Second, the evil of abortion and the conversion of abortionists and all who support it will never come about unless animated by love and supported by God’s mercy. We do well to remember the words that Blessed John Paul addressed to women who had experienced an abortion (EVANGELIUM VITAE, 99), “The Church is aware of the many factors which may have influenced your decision, and she does not doubt that in many cases it was a painful and even shattering decision. The wound in your heart may not yet have healed. Certainly what happened was and remains terribly wrong. “But do not give in to discouragement and do not lose hope. Try rather to understand what happened and face it honestly. If you have not already done so, give yourselves over with humility and trust to repentance. The Father of mercies is ready to give you His forgiveness and His peace in the Sacrament of Reconciliation. You will come to understand that nothing is definitively lost and you will also be able to ask forgiveness from your child, who is now living in the Lord. With the friendly and expert help and advice of other people, and as a result of your own painful experience, you can be among the most eloquent defenders of everyone’s right to life.”

Third, now is the time for action.The Kingdom of God is at hand.” The Lord who called Simon and Andrew, James and John, to be fishers of men, is calling you and me now to be defenders of unborn children and to fight for the right to life and dignity of every human person. The stakes are higher now than ever before. Just two days ago, Friday January 20th, the Obama Administration decided to demand that sterilization, abortifacients and contraception be included in virtually all health plans, beginning 12 months from now. In response to this decision, the president of the US Bishops Conference, Cardinal-elect Timothy Dolan, had this to say, “In effect, the president is saying we have a year to figure out how to violate our consciences...To force American citizens to choose between violating their consciences and forgoing their healthcare is literally unconscionable. It is as much an attack on access to health care as on religious freedom...The government should not force Americans to act as if pregnancy is a disease to be prevented at all costs.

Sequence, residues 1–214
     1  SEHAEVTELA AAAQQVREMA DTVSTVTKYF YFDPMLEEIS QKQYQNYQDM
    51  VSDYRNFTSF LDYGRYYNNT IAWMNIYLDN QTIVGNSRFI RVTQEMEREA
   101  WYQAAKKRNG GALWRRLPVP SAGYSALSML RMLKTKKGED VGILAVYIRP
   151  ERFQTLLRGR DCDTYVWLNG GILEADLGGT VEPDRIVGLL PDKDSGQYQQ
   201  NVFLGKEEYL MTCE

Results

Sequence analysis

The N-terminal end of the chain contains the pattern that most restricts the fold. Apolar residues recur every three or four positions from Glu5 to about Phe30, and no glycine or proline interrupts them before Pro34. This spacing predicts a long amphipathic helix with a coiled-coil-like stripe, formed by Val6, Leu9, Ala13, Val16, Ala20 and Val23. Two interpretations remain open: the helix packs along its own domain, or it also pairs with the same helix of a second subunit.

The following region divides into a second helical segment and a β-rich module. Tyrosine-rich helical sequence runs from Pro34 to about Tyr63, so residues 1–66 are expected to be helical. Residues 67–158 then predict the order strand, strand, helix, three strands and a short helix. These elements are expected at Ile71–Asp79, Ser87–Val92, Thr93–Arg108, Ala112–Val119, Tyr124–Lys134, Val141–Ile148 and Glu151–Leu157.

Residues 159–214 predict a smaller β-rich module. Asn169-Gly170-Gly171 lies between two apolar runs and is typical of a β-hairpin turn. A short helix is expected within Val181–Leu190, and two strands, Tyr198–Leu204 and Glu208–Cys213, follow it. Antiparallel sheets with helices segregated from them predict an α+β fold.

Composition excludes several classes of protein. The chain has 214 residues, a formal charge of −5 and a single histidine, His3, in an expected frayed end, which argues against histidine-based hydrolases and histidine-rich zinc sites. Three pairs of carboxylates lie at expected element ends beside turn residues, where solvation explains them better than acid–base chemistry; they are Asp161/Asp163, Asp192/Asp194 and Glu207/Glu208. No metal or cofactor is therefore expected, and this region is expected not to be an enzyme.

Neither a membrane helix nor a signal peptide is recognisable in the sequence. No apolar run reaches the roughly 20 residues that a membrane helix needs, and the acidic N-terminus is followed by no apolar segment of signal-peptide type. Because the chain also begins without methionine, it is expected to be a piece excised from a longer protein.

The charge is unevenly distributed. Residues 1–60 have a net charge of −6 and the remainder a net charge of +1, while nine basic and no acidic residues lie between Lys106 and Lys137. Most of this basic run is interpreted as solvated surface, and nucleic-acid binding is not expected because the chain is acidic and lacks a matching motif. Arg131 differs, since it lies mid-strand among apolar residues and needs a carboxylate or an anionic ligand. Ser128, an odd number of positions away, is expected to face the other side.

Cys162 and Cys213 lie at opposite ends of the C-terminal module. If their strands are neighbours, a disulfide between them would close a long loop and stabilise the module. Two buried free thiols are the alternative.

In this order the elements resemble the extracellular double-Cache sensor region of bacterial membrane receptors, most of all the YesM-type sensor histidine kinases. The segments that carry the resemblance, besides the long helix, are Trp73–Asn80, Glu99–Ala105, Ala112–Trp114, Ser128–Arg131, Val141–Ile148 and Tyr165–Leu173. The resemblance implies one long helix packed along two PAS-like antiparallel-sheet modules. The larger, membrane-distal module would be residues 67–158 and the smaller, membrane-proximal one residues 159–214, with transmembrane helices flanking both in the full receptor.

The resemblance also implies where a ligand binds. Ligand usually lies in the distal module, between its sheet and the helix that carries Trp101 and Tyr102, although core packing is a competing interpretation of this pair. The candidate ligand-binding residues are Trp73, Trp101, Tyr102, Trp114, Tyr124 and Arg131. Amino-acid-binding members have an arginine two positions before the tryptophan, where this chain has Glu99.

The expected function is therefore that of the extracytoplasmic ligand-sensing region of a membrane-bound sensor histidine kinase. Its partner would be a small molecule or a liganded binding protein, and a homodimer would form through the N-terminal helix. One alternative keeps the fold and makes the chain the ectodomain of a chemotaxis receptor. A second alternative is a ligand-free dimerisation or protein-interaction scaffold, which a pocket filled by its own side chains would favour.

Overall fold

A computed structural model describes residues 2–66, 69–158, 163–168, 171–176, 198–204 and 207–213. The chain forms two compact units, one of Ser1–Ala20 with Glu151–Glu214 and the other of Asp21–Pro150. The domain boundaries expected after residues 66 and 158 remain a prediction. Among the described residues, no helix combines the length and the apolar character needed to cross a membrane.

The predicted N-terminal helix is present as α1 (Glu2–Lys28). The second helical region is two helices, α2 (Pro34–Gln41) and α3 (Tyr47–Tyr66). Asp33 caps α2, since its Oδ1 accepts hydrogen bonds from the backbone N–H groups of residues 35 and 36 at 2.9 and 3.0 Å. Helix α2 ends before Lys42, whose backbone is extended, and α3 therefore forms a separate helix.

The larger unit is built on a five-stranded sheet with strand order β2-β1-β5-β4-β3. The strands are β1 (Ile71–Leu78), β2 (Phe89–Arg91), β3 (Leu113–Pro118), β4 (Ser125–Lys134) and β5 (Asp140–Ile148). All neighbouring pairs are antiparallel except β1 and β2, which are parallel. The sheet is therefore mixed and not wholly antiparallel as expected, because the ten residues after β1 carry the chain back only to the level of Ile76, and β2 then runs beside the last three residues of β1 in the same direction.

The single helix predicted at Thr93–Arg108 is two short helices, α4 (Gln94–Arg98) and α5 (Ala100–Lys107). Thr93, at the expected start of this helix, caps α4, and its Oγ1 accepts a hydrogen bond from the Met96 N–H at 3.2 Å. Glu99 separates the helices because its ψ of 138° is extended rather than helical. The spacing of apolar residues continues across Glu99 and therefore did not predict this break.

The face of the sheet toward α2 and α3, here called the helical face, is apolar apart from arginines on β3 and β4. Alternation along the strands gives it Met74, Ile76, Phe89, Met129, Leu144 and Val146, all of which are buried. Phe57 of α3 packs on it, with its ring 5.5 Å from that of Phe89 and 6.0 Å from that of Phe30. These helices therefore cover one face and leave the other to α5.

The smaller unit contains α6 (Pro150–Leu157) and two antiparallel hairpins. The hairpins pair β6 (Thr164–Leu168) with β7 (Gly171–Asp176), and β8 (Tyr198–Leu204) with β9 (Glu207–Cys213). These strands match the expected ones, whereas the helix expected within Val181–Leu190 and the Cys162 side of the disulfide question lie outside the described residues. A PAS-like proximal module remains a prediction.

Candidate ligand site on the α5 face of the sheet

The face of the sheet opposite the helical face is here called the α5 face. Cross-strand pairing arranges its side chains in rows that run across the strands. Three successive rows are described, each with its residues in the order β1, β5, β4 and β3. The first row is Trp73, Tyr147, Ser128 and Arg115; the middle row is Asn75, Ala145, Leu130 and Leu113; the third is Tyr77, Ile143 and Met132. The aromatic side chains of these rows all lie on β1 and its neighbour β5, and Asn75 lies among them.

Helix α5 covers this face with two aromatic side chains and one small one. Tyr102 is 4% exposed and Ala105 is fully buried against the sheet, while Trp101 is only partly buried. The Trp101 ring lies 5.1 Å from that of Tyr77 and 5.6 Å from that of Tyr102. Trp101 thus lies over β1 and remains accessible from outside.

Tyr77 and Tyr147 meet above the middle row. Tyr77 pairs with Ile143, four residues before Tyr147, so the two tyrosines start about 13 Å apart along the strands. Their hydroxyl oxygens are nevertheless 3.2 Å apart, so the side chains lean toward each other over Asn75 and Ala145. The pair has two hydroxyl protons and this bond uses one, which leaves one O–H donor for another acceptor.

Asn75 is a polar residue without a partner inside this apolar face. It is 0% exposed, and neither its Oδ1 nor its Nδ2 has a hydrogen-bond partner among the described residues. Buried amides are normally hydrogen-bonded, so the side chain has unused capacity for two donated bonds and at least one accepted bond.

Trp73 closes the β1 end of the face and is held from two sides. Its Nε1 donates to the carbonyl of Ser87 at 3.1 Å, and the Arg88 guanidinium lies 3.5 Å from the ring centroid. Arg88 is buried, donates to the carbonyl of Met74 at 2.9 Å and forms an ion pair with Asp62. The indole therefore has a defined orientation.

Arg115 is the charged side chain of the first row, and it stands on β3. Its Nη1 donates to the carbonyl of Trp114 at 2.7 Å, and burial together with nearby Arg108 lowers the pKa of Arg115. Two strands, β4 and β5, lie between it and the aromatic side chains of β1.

What is at stake here is the survival of the First Amendment to the U.S Constitution, in addition to the protection of unborn children and the rights of conscience. Cardinal-elect Dolan continued: "The Obama administration has now drawn an unprecedented line in the sand...The Catholic bishops are committed to working with our fellow Americans to reform the law and change this unjust regulation. We will continue to study all the implications of this troubling decision."

This is not the first attempt in our nation to silence Catholics and other persons of faith. But it is perhaps the most grave. God calls us to respond with truth and love to this national crisis. No one is ever converted by hate, but neither are they converted by inaction.

The Kingdom of God is at hand.” With unfailing hope, then, let us continue to be Christ’s faithful witnesses; As long as abortion is legal and whenever our rights of conscience are threatened, Christ asks us, as He asked His first disciples, to stand up against the culture of death and to allow Him, working within our minds and hearts, to build a culture of life.


God bless Bishop Olmsted. He is a wonderful warrior for life.